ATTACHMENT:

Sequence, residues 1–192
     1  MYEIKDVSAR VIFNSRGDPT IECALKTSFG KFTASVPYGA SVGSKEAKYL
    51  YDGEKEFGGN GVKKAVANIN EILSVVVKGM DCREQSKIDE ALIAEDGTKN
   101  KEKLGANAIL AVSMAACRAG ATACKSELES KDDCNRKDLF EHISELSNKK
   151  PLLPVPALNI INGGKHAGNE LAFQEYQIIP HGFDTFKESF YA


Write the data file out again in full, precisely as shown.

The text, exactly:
Sequence, residues 1–192
     1  MYEIKDVSAR VIFNSRGDPT IECALKTSFG KFTASVPYGA SVGSKEAKYL
    51  YDGEKEFGGN GVKKAVANIN EILSVVVKGM DCREQSKIDE ALIAEDGTKN
   101  KEKLGANAIL AVSMAACRAG ATACKSELES KDDCNRKDLF EHISELSNKK
   151  PLLPVPALNI INGGKHAGNE LAFQEYQIIP HGFDTFKESF YA